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He invented the emoji

The tiny smiley faces, hearts, knife-and-fork or clenched fist have become a global language for mobile phone messages. They are displayed in the Museum of Modern Art in New York. They star in a new Hollywood film.

The emoji is heir to a tradition of pictographic writing stretching back millennia to Egyptian hieroglyphics and the ideograms used to write Chinese and Japanese.

Despite their ubiquity, they started in 1998 with one man: A 25-year-old employee of mobile phone carrier NTT DoCoMo who created the first set of 176 in one month as he rushed to meet a deadline.

"I happened to arrive at the idea. If I hadn't done it, someone else would have," said Shigetaka Kurita, who now is a board member at Dwango Co., a Tokyo technology company.

Kurita's challenge: NTT DoCoMo's "i-mode" mobile internet service limited messages to 250 characters, which cried out for some kind of shorthand.

A message that said, "What are you doing now?" could be menacing or nosey, but adding a smiley face softened the tone.

"Digital messaging was just getting started, and so I was thinking about what was needed," said Kurita.

Following i-mode's launch in 1999, that nuance made emoji an immediate hit in Japan, where the demands of courtesy make for a complex art and a tiny mistake can prove costly. Emoji combines the Japanese for "picture," or "e'' (pronounced "eh"), and "letters," or "moji" (moh-jee).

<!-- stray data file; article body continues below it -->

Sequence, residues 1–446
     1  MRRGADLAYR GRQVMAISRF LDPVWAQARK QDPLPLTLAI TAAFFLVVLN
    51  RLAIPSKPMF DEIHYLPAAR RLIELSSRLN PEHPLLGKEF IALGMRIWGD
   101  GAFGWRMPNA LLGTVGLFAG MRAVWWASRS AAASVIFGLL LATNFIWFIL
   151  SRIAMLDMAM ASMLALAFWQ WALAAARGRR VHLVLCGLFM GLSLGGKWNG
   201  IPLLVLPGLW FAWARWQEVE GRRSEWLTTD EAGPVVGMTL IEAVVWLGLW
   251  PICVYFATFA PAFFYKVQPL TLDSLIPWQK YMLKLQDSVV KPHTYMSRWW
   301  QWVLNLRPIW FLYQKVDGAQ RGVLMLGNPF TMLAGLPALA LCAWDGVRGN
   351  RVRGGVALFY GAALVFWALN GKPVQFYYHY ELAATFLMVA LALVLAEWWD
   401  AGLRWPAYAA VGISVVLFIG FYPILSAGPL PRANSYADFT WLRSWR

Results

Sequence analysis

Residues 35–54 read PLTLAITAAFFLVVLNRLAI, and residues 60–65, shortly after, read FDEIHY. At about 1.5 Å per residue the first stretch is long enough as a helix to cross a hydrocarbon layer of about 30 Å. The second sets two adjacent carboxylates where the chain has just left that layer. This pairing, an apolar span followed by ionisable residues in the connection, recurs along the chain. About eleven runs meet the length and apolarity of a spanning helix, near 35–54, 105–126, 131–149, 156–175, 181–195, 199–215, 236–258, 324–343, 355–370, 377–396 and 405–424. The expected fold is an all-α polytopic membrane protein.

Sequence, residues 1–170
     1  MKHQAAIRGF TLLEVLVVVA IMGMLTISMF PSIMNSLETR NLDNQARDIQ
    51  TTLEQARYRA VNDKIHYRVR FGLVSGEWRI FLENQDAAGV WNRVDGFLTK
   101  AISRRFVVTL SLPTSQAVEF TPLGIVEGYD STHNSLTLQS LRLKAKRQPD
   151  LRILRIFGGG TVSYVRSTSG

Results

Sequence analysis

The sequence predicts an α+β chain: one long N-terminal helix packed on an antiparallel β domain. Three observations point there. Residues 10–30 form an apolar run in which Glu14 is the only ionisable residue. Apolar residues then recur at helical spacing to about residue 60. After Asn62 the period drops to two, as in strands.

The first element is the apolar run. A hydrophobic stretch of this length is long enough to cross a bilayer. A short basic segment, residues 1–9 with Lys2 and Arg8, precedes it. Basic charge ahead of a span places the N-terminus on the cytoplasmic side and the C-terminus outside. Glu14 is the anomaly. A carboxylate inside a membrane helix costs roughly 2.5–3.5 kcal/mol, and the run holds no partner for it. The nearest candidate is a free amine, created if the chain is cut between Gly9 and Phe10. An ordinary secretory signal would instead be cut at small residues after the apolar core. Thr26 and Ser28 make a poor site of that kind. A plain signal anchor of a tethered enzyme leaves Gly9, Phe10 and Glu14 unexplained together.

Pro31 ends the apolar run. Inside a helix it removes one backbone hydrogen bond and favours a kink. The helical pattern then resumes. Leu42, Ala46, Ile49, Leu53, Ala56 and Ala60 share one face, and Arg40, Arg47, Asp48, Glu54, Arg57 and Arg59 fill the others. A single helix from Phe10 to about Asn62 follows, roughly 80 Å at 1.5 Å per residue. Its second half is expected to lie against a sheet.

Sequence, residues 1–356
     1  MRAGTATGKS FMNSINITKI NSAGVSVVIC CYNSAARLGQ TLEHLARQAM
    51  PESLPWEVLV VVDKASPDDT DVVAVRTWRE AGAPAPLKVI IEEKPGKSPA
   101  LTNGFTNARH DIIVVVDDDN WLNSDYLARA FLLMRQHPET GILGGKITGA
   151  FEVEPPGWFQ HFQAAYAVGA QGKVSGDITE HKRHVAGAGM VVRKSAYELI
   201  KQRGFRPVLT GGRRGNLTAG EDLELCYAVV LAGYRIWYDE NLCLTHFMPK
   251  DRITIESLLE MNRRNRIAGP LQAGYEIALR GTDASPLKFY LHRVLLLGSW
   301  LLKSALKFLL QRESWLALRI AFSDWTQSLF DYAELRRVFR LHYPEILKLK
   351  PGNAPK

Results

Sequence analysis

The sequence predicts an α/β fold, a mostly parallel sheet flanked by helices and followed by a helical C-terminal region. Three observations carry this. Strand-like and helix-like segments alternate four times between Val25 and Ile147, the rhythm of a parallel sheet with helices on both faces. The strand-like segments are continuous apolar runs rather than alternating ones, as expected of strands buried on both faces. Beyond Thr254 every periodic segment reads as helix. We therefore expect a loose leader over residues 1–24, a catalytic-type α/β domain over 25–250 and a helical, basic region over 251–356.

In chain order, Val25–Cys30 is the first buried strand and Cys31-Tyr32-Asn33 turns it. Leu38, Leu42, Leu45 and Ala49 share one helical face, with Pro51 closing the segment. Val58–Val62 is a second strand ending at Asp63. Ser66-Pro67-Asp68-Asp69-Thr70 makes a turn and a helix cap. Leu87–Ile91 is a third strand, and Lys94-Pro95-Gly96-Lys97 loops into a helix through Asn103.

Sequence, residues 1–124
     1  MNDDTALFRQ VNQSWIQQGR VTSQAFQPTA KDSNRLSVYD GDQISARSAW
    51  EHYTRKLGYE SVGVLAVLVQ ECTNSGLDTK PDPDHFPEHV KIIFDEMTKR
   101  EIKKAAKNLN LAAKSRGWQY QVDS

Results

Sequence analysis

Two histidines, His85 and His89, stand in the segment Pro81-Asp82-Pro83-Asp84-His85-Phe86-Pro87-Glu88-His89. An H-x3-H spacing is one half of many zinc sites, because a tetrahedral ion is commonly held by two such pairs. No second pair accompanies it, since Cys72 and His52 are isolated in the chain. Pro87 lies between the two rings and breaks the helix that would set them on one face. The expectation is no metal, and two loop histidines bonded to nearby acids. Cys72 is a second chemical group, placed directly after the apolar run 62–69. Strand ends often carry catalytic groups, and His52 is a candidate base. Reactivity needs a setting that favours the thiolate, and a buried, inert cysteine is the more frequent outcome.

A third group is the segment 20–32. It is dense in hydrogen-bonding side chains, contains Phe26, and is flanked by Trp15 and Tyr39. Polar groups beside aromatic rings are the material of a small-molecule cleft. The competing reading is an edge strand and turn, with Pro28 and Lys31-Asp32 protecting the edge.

Western players Apple and Google made emoji a global phenomenon.

"Perhaps because of the popularity of the iPhone, Apple's art style for its emojis also became extremely influential, to the point that when most people think of emoji imagery, they're thinking of Apple's take on it," said Jason Snell, a tech journalist and podcaster.

Kurita shrugs that off. The dozen-member team designing i-mode was making something for Japan long before smartphones.

"Japanese always are too ahead of our time," said Kurita, an unpretentious man with a quick smile.

In 2010, the 12-by-12-pixel designs were adopted as a global standard by the Unicode Consortiums. That means any phone or operating system that follows the standard will use the same images, making them a universal language.



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